But if one month owns this most truly, though often more in quality than in quantity, it is October. One October steelhead, freshly over the lip of the river mouth and with room to run, is worth two in November and three or four in December.
An October steelhead has not yet begun to feel the freeze of the approach of winter. It lives in its chosen temperature; it is livelier than a November fish and has taken on none of the half-somnambulant sluggishness of its December alter-ego. It's like a stick of dynamite, awaiting the first spark to explode from the water in a literal storm of white shrapnel.
In the flesh, the October steelhead scoffs at the King salmon. Every pound of it is worth double. I would wager that the poundthrust of one of these Mykiss would equal that of a fresh Chinook in early September, though that King were twice its size. In fact, in my case, roughly 120 yards of 12lb nanofil says it is more than that.
In battle, it is unpredictable and exhilarating. The only certainty is that the fish will shake its head wildly upon hook-set. Thereafter, if the fish will leap immediately, run, zig-zag, speed and boil, charge the angler, or execute a combination of some or all of these - it is useless to foretell.
If, as in my favourite saying, it is true that "the gods do not deduct from a man's allotment those hours spent fishing," then perhaps it is equally true that through the gift of a battle with one of these piscatorial masterpieces, the gods have found a way to restore whole hours to the ledger.
There are only Three Commandments:
- Savour thy encounter with this beguiling and powerful athlete!
- Adjust quickly (lest thy hook through slack line betray thee)!
- Hold on!
And the fourth, perhaps in these later times: "Treat them with mercy." Let them go! Let them swim! Release each one gently; and if you do not release one, then be humane and let it not suffer overlong.
I admit some level of frivolity in this regard, if I am judged through the eyes of a hunter, since I have great difficulty bringing myself to ending the life-cycle trajectory of one of these torpedoes. I will only kill if it is necessary, otherwise I wish only to share the wonderful and precious creature that I was given the honour of subduing through rod and line.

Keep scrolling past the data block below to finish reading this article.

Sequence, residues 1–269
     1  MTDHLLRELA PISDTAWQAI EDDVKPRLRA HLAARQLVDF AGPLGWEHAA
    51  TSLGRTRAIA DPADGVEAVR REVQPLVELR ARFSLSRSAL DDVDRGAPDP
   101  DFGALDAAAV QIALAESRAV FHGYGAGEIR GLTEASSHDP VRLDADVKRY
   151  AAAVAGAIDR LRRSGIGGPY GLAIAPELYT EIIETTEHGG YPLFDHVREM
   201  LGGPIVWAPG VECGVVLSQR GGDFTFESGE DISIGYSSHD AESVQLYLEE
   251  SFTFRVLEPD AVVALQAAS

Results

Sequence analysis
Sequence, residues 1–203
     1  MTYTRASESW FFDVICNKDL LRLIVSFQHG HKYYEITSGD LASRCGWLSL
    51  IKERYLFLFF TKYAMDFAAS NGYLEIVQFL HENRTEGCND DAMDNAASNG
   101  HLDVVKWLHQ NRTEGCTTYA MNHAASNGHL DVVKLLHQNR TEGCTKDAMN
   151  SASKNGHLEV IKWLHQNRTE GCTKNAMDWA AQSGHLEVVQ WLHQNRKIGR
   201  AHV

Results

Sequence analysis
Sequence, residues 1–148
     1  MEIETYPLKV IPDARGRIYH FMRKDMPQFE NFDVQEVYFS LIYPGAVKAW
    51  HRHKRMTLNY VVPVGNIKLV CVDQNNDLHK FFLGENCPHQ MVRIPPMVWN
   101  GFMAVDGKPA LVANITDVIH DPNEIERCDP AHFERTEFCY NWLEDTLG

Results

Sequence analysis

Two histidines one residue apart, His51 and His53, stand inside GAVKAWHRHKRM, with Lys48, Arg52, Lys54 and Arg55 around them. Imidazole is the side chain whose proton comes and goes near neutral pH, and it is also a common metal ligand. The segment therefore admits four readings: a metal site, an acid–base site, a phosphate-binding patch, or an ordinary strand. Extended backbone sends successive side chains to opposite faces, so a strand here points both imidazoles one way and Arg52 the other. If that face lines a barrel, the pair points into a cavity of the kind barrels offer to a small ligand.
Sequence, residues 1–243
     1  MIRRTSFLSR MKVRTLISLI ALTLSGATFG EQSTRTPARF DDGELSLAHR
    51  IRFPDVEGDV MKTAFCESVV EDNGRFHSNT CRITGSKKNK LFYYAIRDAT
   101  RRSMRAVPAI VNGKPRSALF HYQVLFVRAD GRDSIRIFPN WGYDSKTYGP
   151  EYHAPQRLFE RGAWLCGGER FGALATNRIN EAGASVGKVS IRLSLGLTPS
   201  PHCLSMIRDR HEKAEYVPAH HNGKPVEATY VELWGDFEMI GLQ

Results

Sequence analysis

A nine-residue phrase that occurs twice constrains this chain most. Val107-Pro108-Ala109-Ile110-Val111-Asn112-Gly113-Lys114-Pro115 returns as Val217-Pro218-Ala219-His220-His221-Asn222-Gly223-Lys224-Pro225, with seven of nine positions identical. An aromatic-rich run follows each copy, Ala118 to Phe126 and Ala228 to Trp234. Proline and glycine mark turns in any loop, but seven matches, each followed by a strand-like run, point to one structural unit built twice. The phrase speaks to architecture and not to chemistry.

And once the fish is released, and you have watched it swim away; and if you are lucky enough to be fishing near a Great Lake, take a moment to listen to the waves, and to the flutter that can still be heard in the wind from the flaming leaves that still cling to the branches of nearby trees - a music that will be altogether absent from later trips in the fall. Breathe in the cool, clean air presaging frost but still warm with the fragrant musk of expiring foliage. Cast your senses outward, like cramped limbs luxuriating in a much needed stretch. Later, you will find that you have stitched these minutes into the hours that you have regained.
Although presently, the float lances down again below the surface and the laughter of battle resurfaces somewhere on your soul, as you have again been reconnected to the deep pulse of antediluvian instinct; which resonates at the cellular level, defying description. And if it could speak, it would say:
"Just enjoy it!"
It's time to listen to it! Get out there quickly, because the True Chrome - Chromium Verum - will soon begin to wane and tarnish. While it's still here: enjoy it!